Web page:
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Session State Overview
ASP.NET session state enables you to store and retrieve values for a user as the user navigates the different ASP.NET pages that make up a Web application. HTTP is a stateless protocol, meaning that your Web server treats each HTTP request for a page as an independent request; the server retains no knowledge of variable values used during previous requests. ASP.NET session state identifies requests from the same browser during a limited time window as a session, and provides the ability to persist variable values for the duration of that session.
ASP.NET session state is enabled by default for all ASP.NET applications.
Alternatives to session state include application state (see theproperty), which stores variables that can be accessed by all users of an ASP.NET application; the namespace, which persists user values in a data store without expiring them using a time-out; the namespace, which stores frequently used values in memory that is available to all ASP.NET applications; ASP.NET , which persist control values in the ; ; the ; and fields on an HTML form that are available from an HTTP POST using the collection. See for a comparison of different state-management options.
Session variables are stored in athat is exposed through the property. The collection of session variables is indexed by the name of the variable or by an integer index. Session variables are created by simply referring to the session variable by name. You do not need to declare a session variable or explicitly add it to the collection. For example, the following code example creates session variables for the first and last name of a user and sets them to values retrieved from controls.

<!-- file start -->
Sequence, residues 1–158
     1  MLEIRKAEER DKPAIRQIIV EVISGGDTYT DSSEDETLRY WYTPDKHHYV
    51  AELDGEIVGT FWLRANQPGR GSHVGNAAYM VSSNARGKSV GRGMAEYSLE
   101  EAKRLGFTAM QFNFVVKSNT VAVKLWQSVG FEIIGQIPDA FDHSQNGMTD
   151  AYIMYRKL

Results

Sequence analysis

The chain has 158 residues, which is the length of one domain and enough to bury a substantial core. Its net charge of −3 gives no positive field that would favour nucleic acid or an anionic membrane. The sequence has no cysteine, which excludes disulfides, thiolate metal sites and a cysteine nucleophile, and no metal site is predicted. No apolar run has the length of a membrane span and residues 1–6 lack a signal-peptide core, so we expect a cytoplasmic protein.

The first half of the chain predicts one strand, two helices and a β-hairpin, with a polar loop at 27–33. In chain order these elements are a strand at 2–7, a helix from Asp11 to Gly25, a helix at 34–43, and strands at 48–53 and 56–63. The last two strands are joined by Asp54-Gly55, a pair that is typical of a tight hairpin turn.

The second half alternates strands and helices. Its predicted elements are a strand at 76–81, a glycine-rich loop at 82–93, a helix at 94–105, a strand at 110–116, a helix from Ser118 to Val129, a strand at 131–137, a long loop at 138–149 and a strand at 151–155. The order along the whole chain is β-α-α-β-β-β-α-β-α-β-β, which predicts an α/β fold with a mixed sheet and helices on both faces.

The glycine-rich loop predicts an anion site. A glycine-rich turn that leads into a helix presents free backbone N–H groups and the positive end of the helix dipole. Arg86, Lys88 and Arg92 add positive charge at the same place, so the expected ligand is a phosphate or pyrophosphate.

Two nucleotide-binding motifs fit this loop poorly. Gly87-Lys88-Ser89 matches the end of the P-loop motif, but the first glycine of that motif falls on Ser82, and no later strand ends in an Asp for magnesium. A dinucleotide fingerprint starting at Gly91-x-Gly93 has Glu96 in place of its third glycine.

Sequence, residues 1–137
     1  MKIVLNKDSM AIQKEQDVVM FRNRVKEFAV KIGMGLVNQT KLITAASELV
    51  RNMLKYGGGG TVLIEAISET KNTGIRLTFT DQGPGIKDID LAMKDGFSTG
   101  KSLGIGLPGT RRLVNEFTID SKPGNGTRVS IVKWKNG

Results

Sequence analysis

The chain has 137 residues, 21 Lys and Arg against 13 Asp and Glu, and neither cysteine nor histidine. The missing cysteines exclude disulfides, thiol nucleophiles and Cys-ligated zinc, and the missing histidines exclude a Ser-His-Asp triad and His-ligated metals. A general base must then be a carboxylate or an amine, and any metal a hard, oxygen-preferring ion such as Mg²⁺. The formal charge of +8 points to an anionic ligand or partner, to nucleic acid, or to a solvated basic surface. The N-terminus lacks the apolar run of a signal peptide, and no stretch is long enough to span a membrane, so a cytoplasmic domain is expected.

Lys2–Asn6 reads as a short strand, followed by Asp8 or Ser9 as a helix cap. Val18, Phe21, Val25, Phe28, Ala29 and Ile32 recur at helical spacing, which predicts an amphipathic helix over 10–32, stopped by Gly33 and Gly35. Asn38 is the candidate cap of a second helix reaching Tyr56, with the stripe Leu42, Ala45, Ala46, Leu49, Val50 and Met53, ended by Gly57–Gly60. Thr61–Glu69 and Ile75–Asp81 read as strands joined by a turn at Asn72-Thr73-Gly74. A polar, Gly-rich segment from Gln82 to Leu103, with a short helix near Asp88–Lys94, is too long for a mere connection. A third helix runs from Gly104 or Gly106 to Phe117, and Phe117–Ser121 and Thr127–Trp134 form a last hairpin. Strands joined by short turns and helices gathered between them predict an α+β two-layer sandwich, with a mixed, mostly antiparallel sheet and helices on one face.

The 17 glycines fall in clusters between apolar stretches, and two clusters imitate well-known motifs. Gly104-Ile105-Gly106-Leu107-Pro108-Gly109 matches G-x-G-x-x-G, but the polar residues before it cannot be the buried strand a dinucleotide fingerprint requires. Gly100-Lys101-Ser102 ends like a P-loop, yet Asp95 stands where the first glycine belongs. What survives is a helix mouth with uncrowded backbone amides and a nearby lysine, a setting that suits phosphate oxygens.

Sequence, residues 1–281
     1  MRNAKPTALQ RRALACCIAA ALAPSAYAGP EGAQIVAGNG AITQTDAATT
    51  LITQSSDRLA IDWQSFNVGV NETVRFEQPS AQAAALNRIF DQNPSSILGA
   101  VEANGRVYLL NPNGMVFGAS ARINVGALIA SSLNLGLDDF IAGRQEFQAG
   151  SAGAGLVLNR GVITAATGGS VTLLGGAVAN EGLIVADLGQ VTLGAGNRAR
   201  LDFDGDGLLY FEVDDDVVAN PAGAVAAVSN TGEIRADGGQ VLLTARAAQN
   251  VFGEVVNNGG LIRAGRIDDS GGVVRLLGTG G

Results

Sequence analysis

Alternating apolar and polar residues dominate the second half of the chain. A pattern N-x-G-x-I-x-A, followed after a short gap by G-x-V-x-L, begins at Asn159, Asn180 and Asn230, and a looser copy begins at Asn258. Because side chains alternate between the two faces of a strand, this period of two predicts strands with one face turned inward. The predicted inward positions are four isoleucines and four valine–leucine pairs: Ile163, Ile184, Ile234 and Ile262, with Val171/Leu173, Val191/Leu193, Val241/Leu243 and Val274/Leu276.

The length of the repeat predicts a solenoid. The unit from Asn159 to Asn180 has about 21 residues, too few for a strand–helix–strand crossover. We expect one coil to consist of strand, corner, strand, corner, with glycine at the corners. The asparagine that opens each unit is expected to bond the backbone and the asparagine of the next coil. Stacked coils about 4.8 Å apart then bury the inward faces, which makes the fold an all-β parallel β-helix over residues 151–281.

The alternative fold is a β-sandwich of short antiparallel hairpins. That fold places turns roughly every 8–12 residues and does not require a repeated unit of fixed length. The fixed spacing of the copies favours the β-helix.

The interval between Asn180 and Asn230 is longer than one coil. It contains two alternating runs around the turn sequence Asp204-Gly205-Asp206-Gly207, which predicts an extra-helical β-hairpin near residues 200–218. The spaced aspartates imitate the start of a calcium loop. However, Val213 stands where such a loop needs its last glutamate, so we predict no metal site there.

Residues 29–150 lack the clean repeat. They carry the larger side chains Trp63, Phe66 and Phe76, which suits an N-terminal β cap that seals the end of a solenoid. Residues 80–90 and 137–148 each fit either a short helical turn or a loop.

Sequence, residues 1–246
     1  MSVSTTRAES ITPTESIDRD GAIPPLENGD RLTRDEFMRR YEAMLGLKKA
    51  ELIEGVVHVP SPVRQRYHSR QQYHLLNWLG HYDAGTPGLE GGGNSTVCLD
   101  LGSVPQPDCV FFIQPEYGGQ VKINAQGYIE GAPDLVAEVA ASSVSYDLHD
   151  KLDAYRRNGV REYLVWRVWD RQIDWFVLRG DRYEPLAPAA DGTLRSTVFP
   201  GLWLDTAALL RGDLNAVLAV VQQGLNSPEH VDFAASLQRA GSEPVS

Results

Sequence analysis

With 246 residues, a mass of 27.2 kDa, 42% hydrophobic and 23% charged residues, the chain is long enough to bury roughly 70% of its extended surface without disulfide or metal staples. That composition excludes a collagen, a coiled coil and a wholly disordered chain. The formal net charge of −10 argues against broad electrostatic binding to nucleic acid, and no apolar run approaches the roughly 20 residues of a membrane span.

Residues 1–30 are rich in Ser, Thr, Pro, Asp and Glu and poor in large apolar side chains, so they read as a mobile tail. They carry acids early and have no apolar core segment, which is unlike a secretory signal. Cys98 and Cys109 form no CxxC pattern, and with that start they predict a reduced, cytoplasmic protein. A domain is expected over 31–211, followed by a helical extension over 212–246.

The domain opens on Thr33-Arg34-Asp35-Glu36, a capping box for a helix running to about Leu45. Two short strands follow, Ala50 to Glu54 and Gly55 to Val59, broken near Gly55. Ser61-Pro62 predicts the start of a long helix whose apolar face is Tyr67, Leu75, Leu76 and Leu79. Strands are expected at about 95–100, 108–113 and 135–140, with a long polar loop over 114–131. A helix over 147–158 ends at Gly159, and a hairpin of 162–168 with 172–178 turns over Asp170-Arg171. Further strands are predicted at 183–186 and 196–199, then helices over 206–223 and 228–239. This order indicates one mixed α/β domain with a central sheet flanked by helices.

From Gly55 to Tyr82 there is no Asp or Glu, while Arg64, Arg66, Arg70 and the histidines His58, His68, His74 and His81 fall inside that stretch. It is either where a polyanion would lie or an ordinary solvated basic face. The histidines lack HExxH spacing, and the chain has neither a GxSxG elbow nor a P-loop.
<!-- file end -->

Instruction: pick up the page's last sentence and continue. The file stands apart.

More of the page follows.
By default, session variables can be any valid .NET type. For example, the following code example stores anof values in a session variable named "StockPicks." Note that the value returned by the "StockPicks" session variable must be cast as the appropriate type upon retrieval from the SessionStateItemCollection.
When you use a session-state mode other than, the session-variable type must be either a primitive .NET type or serializable, because the session-variable value is stored in an external data store. For more information, see .
Sessions are identified by a unique session identifier that can be read using theproperty. When session state is enabled for an ASP.NET application, each request for a page in the application is examined for a SessionID value sent from the browser. If no SessionID value is supplied, ASP.NET starts a new session and the SessionID for that session is sent to the browser with the response.
SessionID values are stored in a cookie, by default, but you can also configure your application to store SessionID values in the URL for a "cookieless" session. For more information, see.
A session is considered active as long as requests continue to be made with the same SessionID value. If the time between requests for a particular session exceeds the specified time-out value in minutes, then the session is considered expired. Requests made with an expired SessionID value result in a new session being started.